Brightsurf Science News & Current Events

April 06, 2000
Threat of widespread job losses significantly increases ill health among employees
The threat of widespread job losses as a result of

New research on investigational Alzheimer's disease treatment suggests significant improvement of symptoms
Results from a new five-month study conducted by Janssen Research Foundation show that patients who were treated with Reminyl (galantamine), a new treatment for Alzheimer's disease showed a significant improvement in their cognitive, functional and behavioural symptoms, when measured by commonly-used assessments of severity of Alzheimer's disease.

Personal drug profiles based on genetic make-up already in use
In this week's BMJ, researchers from the Imperial College School of Medicine review the rapid progress of pharmacogenetics - the prescription of drugs according to an individual's genetically determined response to them.

McGill team offers new hopes in cures for Parkinson's disease, schizophrenia, depression, drug addiction and severe pain
Dopamine and somatostatin are two major neurotransmitter systems that share a number of structural and functional characteristics.

Ethnicity does not affect prescription of painkillers
Ethnic background has no bearing on the prescription of pain relief, finds a study in this week's BMJ.

Threat of widespread job losses significantly increases ill health among employees
The threat of widespread job losses as a result of

Psychologist finds low-cost methods to prevent pharmacy mistakes
Pharmacy errors and medical mistakes have been making headlines, even prompting investigations by the federal government.

Substantial numbers of schoolchildren in Scotland carry weapons
Substantial numbers of schoolchildren in Scotland carry weapons, finds a schools survey published in this week's BMJ.

Researchers identify drug target to treat sleeping sickness
Johns Hopkins researchers have discovered a new metabolic pathway in a parasite that could lead to drugs for treating so-called African sleeping sickness.

Analytical chemists earn national recognition for metals research
University of Cincinnati chemists traveled from New Orleans to San Francisco this month to present results on a variety of research projects ranging from sensors to detect pathogenic microbes to an analysis of a common dietary supplement.

Links and ideas for Earth Day, April 2, 2000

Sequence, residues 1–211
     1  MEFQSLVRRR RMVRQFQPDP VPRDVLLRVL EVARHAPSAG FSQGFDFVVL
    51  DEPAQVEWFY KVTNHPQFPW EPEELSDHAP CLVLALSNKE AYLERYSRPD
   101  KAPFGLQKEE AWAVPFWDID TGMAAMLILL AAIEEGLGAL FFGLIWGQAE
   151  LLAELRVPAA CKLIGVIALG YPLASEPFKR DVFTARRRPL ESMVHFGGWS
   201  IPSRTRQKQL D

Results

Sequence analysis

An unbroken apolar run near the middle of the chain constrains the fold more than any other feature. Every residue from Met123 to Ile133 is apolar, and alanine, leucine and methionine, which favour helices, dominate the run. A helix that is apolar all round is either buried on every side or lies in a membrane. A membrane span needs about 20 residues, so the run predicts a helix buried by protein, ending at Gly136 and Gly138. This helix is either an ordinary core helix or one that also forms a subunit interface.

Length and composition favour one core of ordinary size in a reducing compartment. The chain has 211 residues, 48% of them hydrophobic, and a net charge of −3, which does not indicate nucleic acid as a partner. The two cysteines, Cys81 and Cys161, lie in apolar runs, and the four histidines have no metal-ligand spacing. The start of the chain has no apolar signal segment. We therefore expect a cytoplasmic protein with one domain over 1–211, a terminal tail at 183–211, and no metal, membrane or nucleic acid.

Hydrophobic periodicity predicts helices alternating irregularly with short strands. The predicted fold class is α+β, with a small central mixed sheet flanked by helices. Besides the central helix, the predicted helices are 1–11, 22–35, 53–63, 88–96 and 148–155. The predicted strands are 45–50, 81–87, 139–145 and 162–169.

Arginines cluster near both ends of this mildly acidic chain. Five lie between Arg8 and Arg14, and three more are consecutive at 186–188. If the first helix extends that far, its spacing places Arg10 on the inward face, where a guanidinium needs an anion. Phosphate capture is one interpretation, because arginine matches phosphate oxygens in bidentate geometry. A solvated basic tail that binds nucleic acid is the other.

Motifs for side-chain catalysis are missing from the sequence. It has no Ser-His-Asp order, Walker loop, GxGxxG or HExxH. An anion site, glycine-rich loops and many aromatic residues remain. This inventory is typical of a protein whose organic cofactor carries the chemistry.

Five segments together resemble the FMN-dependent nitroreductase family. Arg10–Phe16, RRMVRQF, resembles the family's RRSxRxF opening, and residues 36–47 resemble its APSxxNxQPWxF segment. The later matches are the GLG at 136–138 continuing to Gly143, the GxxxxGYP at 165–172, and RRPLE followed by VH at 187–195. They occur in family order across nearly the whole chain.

Some story ideas for Earth Day April 22, 2000. Journal articles and publications on the web.

Ancient dirty pottery may hold key to Iroquoian origin
The last thing most people want is food-encrusted pots, but to one Penn State archaeologist, burned-on, crusty old food may be a key to determining the origins of the Iroquois.

Rush conducts nationwide study to find genetic markers for depression
The National Institutes of Mental Health has launched the largest psychiatric genetic study ever attempted to investigate how recurrent depression is passed along through families.

Biomathematician named first Aurelio professor of mathematics and science at Boston University
Nancy Kopell, a brilliant and highly accomplished mathematician who has applied her knowledge of nonlinear dynamics to fundamental problems in biology, chemistry, and neuroscience with great success, has been named Boston University's first William Goodwin Aurelio Professor of Mathematics and Science.

Video cameras reveal seals, whales, and other marine mammals take a laid-back approach to deep diving
For years scientists have puzzled over the ability of dolphins, seals, and other marine mammals to perform long, deep dives that seem to exceed their aerobic capacities.

Chemical 'crumbs' from microbes' snacks provide a trail to ancient, remote life
Researchers are turning their attention to the culinary habits of microbes in their search for a few chemical

Looking at vegetation through remote sensing
Scientists have found some unique ways to use remote-sensing data in analyzing and modeling vegetation.

Chance of kidney transplant more than doubles with less-invasive kidney removal technique
Four years after starting to use a new, less invasive approach to remove a kidney from living kidney donors, surgeons at the University of Maryland Medical Center in Baltimore say the procedure has opened the door to many more donors for patients in need of a transplant.
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